“That to me felt like this deeply personal and deeply upsetting embodiment of what was at stake,” she said. “Not just on the side of the medical establishment—where female pain might be perceived as constructed or exaggerated—but on the side of the woman herself: My friend has been reckoning in a sustained way about her own fears about coming across as melodramatic.”
“Female pain might be perceived as constructed or exaggerated”: We saw this from the moment we entered the hospital, as the staff downplayed Rachel’s pain, even plain ignored it. In her essay, Jamison refers back to “The Girl Who Cried Pain,” a study identifying ways gender bias tends to play out in clinical pain management. Women are “more likely to be treated less aggressively in their initial encounters with the health-care system until they ‘prove that they are as sick as male patients,’” the study concludes—a phenomenon referred to in the medical community as “Yentl Syndrome.”
We are so, so, so afraid of making noise.
Girls. Women. We are so scared of the sound of our own voices that we will lie in pain in a hospital hallway without making a peep because we can’t, like, get in anyone’s way.
We are taught from the day we are born to take up as little space as possible in the world and then, when we are hurt or overlooked, we are asked why we didn’t speak up.
I was lucky, when my ovarian cyst burst more than 10 years ago now, that the EMTs and ER doctors we called on took it seriously. I had surgery, good medication, follow-up care. But that’s all it was, luck, luck that we found someone to listen. That’s what our lives hinge on, the blind stupid chance that the person we are calling out to won’t assume we don’t know what we’re talking about, and ignore us.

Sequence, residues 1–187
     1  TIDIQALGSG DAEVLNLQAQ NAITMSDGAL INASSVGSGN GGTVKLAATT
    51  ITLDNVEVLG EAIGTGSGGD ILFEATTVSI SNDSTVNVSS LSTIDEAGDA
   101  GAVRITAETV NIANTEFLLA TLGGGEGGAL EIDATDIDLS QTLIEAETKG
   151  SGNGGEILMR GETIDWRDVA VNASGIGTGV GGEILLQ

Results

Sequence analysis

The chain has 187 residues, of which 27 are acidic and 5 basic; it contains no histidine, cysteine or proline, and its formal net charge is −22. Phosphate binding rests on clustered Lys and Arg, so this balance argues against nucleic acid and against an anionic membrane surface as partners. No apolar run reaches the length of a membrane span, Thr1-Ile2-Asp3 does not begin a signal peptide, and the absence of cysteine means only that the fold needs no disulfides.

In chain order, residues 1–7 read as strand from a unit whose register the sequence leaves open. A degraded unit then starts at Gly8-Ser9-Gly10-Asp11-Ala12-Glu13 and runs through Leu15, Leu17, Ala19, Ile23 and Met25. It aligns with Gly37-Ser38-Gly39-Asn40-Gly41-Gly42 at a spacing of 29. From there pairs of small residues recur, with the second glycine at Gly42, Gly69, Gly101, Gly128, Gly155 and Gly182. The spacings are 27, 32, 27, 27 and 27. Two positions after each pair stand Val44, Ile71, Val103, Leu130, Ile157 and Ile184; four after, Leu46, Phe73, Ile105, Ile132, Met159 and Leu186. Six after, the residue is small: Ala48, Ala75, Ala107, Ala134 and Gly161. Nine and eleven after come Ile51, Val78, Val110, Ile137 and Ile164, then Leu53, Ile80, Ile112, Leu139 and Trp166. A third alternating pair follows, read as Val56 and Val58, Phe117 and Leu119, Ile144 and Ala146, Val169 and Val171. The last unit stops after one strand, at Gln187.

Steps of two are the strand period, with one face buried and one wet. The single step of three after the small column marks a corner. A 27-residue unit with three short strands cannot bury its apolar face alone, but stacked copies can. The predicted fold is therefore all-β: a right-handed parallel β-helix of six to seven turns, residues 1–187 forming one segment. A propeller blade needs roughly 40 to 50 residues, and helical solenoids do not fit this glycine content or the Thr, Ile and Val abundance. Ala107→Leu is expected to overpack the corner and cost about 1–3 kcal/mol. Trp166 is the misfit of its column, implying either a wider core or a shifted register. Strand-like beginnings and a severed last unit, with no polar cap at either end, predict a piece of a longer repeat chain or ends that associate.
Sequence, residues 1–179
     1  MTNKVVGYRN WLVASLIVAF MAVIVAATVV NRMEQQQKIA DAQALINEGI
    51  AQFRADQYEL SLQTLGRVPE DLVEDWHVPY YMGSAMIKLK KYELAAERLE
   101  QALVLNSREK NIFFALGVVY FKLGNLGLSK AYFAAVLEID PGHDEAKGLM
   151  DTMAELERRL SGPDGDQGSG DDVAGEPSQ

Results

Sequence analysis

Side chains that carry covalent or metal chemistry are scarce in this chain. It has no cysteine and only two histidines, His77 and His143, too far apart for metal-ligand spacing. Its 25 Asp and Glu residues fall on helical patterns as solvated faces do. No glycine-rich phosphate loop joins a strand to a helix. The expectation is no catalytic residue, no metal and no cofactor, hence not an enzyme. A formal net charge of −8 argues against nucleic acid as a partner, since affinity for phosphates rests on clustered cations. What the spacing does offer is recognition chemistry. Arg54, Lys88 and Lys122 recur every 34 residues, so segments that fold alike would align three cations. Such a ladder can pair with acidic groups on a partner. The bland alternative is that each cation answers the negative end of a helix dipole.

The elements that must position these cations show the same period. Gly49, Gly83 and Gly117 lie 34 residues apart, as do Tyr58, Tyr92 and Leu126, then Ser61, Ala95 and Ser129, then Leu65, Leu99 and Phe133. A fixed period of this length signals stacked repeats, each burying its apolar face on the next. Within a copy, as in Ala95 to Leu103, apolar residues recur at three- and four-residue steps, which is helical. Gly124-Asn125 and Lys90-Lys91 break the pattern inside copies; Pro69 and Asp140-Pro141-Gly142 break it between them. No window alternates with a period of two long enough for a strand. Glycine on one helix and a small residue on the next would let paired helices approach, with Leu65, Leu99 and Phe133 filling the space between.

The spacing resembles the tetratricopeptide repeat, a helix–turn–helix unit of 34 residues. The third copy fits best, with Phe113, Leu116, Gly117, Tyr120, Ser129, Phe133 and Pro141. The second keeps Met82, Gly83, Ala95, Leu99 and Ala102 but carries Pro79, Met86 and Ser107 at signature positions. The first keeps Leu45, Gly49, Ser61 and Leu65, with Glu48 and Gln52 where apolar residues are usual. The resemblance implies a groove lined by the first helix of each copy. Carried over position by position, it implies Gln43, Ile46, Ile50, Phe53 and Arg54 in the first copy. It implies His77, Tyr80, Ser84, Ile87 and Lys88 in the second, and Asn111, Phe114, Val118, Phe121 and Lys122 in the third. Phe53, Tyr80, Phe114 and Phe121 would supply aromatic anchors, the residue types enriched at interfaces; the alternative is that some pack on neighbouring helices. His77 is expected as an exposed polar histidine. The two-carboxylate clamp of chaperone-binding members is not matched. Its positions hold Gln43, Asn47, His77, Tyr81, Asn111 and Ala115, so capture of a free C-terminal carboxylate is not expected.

I’ve been ignored in doctors’ offices, though, before and since. My first infertility doctor refused to listen to any of my concerns before putting me on medication that I didn’t need, that made me sicker than I’ve ever been. I had a GP once tell me that I should stop taking anti-depressants because, “What, do you want to be on pills for the rest of your life?” I had a therapist cancel an appointment, not tell me, and then later kick me off her service because I didn’t keep the appointment. Some of this is just run-of-the-mill pain in the ass stuff that could have happened if I was a dude, sure, but all along the way I’ve been made to feel exceptionally bad about myself for getting upset about it. Shh, there are other patients. Sit down. Don’t make a fuss.
This is a time in our society when you have to be a fierce advocate for your own medical care, for your rights as a patient, and of course when you most need those rights you are least physically and emotionally capable of defending them. I’m not surprised women’s pain is ignored until they make themselves un-ignorable. Why should our pain be different from any other aspect of our existence?